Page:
—Mary Ann Sieghart, “Anglicanism's new holy warriors,” The Times April 21, 2004, http://www.timesonline.co.uk/newspaper/0,,172-1081640,00.html
‘The Apologists’ are a group of thinkers from the early centuries of Christian history. We don't mean by this term that they spent their time ‘apologising’. Rather, they explained and defended the practices of Christians when pagan accusers taunted, mocked and attacked Christianity.
- Some taunts were way off-base, as when Christians were thought to be baby-eating cannibals. (People were confused about Christians ‘drinking the blood of God's Son’.)
- Others were closer to home, as when Christians were thought to be dangerous subversives, since they refused to worship the emperor. (A similar fear is finally what killed Jesus—John 19:12 & vv19-22.)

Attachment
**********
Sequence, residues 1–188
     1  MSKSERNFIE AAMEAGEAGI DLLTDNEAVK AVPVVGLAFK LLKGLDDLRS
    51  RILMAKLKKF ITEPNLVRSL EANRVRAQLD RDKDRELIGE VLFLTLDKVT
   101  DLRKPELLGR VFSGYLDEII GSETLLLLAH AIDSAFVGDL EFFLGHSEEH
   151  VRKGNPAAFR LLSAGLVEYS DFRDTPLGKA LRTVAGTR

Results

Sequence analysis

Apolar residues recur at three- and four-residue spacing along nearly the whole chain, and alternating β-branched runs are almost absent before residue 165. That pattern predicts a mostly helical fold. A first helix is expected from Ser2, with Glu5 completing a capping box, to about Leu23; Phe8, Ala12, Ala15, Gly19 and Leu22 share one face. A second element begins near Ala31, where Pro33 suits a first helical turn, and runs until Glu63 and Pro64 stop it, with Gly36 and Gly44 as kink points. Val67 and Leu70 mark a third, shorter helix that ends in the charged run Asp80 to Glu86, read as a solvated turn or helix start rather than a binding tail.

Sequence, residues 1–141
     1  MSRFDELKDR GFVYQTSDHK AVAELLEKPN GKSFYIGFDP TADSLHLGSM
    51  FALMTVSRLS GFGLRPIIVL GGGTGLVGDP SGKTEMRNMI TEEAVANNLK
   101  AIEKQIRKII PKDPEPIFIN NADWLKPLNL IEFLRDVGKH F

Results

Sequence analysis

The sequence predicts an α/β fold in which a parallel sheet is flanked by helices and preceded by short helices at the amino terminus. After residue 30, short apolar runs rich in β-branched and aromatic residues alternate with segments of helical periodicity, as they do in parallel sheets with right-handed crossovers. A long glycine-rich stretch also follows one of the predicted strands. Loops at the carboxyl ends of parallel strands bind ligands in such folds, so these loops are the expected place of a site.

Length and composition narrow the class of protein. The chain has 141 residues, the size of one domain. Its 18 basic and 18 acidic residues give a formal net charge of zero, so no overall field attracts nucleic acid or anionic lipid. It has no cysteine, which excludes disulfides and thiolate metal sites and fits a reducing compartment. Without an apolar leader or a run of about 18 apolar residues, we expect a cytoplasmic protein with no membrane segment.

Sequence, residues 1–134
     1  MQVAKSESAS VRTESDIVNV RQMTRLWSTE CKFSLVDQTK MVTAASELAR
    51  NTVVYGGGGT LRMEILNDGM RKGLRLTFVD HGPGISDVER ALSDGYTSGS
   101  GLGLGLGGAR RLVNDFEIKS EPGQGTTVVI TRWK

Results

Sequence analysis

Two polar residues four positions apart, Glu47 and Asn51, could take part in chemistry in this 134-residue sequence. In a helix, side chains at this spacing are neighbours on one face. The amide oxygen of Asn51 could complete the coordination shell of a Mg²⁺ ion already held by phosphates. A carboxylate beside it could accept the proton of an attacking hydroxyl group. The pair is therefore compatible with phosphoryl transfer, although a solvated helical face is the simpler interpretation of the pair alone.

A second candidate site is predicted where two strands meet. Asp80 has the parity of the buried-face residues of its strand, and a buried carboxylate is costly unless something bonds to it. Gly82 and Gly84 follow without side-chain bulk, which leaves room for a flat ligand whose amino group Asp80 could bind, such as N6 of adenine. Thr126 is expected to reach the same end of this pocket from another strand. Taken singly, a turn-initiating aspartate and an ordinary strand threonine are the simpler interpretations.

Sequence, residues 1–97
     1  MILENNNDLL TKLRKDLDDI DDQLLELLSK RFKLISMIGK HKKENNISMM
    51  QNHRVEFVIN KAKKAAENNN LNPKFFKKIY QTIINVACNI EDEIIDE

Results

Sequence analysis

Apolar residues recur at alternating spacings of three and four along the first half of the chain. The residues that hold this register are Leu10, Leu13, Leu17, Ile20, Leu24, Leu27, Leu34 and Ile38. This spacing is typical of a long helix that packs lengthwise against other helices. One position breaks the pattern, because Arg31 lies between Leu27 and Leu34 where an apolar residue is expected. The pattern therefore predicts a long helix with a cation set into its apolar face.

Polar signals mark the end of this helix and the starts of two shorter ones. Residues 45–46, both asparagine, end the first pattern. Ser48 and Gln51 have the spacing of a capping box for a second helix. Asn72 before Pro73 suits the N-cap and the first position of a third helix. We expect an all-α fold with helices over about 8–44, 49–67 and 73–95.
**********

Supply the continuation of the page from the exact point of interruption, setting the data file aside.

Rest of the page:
It is not a problem, of course, to have to answer such worries. Indeed when the Apologists did so, they rapidly moved from correcting the misunderstanding, to explaining what made Christians tick. They rapidly found themselves explaining sin, judgment, Jesus, forgiveness, and eternal life.
Not a lot has changed since then. Christianity remains under attack from people who have varying degrees of knowledge about it. The people quoted above all seem to have varying degrees of knowledge about Christianity (and anyone can be an apologist in response).
- Bettina Arndt is accurate to a degree. She argues that children need fathers, who are in a stable, loving marriage. She is right that many church leaders have failed to say what research now supports. The Bible records a long history of cowardice and compromise among the leaders of God's people, and this modern failure is no exception.